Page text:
By Stephanie Nebehay
GENEVA (Reuters) - Syrian activists and other citizens have vanished into secret detention as part of a "widespread campaign of terror against the civilian population" by the Damascus government, U.N. investigators said on Thursday.
The state-run practice of enforced disappearances in Syria -
abductions that are officially denied - is systematic enough to amount to a crime of humanity, they said in a report.
Some armed groups in northern Syria, especially the Islamic State of Iraq and the Levant (ISIL), have also begun to abduct people into incommunicado detention and denied their captivity, tantamount to the crime of enforced disappearances, it said.
ISIL has also sought ransoms or prisoner exchanges, which constitute separate war crimes, it added.
But most witnesses have identified Syrian intelligence officers, soldiers and pro-government militias as having snatched people whose fate remains unknown, according to the independent investigators led by Brazilian Paulo Pinheiro.
In a separate report, London-based Amnesty International said Islamist militants were perpetrating "a shocking catalogue of abuses" in secret jails across northern Syria, including torture, flogging and killings after summary trials.
It said that ISIL, one of the most powerful jihadi groups to emerge from Syria's almost three-year-old conflict, is operating seven clandestine prisons in rebel-held areas.
Detainees are held for reasons ranging from suspected theft to offences against Islam such as smoking or sex outside marriage. Others are seized simply for challenging ISIL authority or belonging to rival armed groups, it said.
"Those abducted and detained by ISIL include children as young as eight who are held together with adults in the same cruel and inhuman conditions," said Philip Luther, Amnesty's Director for the Middle East and North Africa.
WIDESPREAD RIGHTS ABUSES
Human rights abuses have been rife in Syria's civil war, with forces loyal to President Bashar al-Assad responsible for many of the worst ones, according to the United Nations.
Urging world powers to halt the flow of arms to ISIL and other armed groups accused of war crimes and other abuses, Amnesty said Turkey in particular should prevent jihadi fighters and weapons crossing its border into northern Syria.
Gulf Arab states that back the anti-Assad rebels and are viewed as a main source of funding for the radical armed groups should also cut off flows of arms and equipment, Amnesty said.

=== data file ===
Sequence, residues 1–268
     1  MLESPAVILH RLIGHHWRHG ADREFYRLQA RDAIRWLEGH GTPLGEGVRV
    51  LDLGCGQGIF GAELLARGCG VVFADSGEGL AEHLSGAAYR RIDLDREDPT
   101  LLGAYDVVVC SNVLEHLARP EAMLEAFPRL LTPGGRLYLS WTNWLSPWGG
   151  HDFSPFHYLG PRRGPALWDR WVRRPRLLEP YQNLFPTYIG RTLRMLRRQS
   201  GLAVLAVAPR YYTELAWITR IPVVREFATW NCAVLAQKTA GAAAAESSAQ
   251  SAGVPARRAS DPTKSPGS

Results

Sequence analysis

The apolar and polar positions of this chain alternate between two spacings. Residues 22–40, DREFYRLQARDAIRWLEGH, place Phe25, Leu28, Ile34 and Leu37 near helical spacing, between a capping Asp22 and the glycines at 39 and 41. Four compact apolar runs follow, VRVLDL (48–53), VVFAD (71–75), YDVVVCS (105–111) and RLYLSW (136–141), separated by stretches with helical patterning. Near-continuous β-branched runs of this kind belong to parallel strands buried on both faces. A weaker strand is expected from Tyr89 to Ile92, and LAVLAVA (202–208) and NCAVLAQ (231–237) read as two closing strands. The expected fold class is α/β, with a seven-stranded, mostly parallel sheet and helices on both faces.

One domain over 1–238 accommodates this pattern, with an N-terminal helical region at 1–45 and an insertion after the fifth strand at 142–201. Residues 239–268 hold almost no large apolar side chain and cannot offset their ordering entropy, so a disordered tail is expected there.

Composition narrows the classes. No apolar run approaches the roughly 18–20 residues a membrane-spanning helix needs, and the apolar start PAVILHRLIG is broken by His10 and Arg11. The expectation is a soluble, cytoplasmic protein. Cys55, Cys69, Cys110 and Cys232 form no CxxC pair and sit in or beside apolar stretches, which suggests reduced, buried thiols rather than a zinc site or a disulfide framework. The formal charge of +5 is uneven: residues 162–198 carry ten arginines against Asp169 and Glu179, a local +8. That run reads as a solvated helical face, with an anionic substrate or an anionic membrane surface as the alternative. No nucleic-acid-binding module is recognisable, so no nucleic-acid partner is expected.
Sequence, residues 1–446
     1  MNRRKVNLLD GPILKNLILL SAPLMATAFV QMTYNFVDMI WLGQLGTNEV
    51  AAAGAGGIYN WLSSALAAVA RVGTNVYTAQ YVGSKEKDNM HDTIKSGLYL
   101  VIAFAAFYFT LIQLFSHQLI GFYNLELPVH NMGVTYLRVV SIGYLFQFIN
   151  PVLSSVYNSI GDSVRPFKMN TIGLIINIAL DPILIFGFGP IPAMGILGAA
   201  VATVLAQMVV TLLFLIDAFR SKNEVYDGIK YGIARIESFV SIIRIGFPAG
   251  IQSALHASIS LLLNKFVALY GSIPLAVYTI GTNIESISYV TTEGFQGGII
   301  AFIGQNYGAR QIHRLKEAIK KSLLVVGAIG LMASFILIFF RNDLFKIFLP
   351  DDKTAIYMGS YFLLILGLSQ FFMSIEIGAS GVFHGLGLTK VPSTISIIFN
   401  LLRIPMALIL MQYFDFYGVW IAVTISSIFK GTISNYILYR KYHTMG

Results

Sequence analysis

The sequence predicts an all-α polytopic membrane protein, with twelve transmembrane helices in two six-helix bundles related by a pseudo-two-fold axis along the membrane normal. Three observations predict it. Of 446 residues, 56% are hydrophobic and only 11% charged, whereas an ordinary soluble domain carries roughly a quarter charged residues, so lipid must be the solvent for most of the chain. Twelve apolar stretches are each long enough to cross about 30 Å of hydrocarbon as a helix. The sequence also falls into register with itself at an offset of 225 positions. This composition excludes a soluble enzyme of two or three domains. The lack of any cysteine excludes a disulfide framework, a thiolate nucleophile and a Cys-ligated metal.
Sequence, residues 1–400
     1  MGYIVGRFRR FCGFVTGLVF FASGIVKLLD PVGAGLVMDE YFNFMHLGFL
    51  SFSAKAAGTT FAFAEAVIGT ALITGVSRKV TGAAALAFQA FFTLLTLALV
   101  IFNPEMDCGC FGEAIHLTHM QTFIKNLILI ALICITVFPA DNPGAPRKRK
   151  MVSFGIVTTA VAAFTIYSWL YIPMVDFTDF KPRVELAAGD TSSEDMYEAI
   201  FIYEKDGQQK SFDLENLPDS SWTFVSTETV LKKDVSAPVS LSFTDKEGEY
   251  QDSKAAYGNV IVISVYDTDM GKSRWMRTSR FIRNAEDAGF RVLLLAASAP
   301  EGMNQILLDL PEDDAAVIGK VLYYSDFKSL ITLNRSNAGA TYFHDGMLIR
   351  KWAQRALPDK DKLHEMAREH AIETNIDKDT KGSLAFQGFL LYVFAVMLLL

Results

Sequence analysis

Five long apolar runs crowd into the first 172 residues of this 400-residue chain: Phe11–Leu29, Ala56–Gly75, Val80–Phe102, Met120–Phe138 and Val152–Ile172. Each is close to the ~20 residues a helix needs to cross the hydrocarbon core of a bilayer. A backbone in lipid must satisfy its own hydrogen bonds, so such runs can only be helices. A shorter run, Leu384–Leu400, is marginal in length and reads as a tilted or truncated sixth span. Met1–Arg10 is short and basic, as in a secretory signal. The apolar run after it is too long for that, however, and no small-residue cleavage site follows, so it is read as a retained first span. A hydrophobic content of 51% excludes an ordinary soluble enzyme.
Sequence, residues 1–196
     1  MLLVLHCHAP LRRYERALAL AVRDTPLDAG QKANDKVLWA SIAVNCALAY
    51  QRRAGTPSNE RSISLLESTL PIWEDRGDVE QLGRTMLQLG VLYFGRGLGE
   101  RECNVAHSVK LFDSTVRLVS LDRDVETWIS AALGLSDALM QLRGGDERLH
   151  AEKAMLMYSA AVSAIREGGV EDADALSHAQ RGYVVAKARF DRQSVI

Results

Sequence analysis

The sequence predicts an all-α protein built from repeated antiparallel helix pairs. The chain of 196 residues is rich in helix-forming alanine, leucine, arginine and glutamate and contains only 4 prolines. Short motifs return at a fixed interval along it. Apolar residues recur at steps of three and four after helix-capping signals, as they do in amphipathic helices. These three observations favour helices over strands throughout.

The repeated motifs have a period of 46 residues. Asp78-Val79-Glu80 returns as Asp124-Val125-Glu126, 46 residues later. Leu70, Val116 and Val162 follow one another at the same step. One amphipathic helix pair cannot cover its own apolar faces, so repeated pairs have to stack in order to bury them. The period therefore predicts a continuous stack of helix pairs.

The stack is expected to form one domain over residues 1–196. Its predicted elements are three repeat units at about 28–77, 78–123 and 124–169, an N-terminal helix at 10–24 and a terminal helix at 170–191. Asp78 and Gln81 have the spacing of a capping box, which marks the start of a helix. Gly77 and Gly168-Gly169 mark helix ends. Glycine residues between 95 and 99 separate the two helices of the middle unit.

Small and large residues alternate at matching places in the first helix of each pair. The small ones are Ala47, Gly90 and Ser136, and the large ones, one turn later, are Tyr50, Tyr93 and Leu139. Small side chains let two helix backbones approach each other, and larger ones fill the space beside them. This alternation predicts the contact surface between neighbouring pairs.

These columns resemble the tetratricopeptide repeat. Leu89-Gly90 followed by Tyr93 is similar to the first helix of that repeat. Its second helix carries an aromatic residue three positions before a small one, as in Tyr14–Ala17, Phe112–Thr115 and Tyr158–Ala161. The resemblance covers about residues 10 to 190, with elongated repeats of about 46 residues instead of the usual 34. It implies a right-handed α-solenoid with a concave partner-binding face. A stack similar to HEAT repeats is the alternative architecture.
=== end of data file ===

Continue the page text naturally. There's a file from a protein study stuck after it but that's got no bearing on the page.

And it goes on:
The dominance of ISIL and other hardline rebel groups has eclipsed more moderate, Western-backed rebels, fracturing the military campaign against Assad and prompting Western alarm that al Qaeda is building a stronghold in northern Syria.
ISIL, along with some other Islamist groups, rejects next month's planned peace conference in Switzerland that is due to bring Assad's government and his opponents to the negotiating table for the first time since the conflict erupted in 2011.
At one ISIL prison on the Euphrates river in Aleppo province the local Sharia court judge appears wearing an explosives belt and issues verdicts after hearings lasting no more than a few minutes, Amnesty quoted former detainees as saying.
On at least one occasion, he was reported to have joined in the flogging of a prisoner after sentencing him.
Amnesty said several children had received severe floggings and on one occasion a father had to listen to his son's screams in a nearby room. Two detainees said they witnessed a child of about 14 receive 90 lashes at a Raqqa prison.
Another child of about the same age, who ISIL accused of stealing a motorcycle, was repeatedly flogged over several days.
"Flogging anyone, let alone children, is cruel and inhuman, and a gross abuse of human rights," said Luther.
"After years in which they were prey to the brutality of the Assad regime, the people of Raqqa and Aleppo are now suffering under a new form of tyranny imposed on them by ISIL, in which arbitrary detention, torture and executions have become the order of the day."
(Additional reporting by Dominic Evans; Editing by Alistair Lyon)